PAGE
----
Congestion maps are very useful for subjective visual inspection, but they contain too much data to be amenable to quantitative analysis. There is no quantitative metric that accurately reflects the snapshot routability of a globally routed design. A metric is needed which can truly describe routing congestion of the designs, so multiple physical synthesis solutions can be compared to determine which one is actually better. The present invention provides such a routing congestion metric which is based on a novel histogram of average congestion of the global edges for varying percentages of the worst edges. By calculating the average congestion of the top x % worst edges, the invention can truly capture the contour of all the hot spots. The invention can more effectively guide the optimization of congestion-driven physical synthesis tools, such as congestion-driven placement.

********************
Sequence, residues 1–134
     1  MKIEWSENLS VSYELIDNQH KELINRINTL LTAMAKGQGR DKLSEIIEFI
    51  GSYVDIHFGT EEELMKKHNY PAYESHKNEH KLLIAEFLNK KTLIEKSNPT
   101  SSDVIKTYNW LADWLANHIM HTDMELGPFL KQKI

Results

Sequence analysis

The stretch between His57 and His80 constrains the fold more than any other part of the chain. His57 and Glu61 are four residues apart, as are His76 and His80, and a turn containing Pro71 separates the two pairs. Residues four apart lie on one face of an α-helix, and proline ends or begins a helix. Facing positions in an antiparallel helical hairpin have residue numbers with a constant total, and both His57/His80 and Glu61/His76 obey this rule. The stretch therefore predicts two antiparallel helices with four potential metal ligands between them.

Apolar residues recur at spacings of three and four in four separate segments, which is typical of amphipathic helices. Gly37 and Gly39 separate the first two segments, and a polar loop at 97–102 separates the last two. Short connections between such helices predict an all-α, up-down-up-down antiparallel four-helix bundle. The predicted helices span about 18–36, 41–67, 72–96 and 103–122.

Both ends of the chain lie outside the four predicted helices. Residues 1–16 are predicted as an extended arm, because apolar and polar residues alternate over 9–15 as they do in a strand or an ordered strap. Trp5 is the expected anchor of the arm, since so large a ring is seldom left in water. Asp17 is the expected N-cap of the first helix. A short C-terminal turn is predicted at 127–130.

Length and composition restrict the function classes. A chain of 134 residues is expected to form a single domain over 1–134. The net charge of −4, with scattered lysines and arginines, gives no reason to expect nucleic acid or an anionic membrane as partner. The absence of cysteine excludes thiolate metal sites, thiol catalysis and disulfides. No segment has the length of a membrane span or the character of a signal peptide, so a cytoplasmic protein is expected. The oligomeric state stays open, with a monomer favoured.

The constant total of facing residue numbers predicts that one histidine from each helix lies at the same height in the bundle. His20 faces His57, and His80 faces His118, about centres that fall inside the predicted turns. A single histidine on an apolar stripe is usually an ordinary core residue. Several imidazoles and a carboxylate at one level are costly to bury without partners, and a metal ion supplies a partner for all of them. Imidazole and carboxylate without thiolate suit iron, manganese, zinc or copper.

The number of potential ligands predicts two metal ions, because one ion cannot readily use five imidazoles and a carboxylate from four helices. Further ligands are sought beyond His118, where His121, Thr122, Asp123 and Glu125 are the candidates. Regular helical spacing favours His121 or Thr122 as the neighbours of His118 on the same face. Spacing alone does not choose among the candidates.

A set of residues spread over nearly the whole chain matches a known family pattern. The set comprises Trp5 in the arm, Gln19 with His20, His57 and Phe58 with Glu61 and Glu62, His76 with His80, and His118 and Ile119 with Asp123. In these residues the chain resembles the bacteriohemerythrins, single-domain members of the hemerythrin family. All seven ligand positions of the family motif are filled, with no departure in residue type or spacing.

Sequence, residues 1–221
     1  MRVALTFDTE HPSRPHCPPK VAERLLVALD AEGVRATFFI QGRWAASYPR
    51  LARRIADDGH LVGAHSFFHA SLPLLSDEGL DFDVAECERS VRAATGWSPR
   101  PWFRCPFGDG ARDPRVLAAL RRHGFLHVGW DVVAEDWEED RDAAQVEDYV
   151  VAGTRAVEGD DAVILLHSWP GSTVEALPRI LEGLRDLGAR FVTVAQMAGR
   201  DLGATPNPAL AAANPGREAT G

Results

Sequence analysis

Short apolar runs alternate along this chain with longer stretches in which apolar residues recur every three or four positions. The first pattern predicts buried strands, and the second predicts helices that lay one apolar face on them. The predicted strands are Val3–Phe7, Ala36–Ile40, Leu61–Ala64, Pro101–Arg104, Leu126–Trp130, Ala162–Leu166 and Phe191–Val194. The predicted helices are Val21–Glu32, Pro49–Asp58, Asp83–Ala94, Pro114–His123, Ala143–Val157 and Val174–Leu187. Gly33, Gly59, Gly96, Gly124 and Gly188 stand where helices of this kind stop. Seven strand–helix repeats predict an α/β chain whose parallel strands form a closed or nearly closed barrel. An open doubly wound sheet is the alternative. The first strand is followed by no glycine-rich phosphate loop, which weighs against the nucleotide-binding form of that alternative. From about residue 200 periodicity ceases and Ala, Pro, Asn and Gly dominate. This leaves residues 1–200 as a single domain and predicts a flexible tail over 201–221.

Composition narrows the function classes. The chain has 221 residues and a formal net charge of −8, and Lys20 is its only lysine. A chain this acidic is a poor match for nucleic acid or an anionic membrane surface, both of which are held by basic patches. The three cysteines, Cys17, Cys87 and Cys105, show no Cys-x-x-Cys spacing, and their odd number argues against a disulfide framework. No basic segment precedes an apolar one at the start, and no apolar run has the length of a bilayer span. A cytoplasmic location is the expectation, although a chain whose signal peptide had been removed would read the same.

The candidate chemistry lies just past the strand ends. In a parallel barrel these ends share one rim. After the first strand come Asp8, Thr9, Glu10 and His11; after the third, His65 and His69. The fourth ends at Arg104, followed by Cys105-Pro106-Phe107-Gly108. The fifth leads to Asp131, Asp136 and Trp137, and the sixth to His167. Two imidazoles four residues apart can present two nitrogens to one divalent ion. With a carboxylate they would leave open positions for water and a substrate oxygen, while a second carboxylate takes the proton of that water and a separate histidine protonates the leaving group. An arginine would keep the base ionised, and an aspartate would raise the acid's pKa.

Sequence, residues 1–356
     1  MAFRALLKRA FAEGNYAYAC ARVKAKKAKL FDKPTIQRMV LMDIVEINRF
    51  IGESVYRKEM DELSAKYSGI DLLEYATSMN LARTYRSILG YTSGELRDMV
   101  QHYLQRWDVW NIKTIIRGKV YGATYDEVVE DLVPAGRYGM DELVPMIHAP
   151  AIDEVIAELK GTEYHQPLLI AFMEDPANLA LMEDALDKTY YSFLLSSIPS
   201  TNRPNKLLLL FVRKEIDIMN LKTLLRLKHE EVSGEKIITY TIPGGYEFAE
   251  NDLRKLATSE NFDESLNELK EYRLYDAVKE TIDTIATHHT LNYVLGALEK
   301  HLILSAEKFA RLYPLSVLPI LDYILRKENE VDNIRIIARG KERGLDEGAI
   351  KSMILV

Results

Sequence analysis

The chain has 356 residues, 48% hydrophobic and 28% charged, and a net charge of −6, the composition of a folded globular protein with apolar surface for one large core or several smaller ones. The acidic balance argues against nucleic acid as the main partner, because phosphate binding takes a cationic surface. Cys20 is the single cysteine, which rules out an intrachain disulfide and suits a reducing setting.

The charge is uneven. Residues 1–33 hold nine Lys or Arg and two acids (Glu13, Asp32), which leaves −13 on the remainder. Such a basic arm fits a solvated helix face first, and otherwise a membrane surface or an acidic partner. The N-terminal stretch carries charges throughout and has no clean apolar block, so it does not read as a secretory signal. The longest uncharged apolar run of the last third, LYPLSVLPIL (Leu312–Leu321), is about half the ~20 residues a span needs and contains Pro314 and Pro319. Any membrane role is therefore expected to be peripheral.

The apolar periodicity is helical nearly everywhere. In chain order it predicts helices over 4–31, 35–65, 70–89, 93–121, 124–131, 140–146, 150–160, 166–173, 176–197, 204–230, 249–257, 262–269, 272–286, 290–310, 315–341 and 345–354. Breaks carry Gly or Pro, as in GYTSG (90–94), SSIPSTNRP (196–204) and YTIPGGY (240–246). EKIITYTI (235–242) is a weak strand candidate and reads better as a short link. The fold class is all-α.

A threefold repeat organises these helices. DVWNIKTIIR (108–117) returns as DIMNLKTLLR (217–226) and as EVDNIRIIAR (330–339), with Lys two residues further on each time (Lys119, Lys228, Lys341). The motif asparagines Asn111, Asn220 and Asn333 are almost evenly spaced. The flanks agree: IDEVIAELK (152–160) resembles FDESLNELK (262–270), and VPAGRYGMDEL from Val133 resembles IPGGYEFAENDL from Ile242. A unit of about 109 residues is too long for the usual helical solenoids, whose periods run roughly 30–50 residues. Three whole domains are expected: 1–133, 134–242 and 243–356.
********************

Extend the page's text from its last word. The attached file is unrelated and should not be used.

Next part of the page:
With reference now to the figures, and in particular with reference to FIG. 2, there is depicted one embodiment 10 of a computer system in which the present invention may be implemented to carry out the design of logic structures in an integrated circuit, including evaluation of global wiring congestion. Computer system 10 is a symmetric multiprocessor (SMP) system having a plurality of processors 12 a, 12 b connected to a system bus 14. System bus 14 is further connected to a combined memory controller/host bridge (MC/HB) 16 which provides an interface to system memory 18. System memory 18 may be a local memory device or alternatively may include a plurality of distributed memory devices, preferably dynamic random-access memory (DRAM). There may be additional structures in the memory hierarchy which are not depicted, such as on-board (L1) and second-level (L2) or third-level (L3) caches.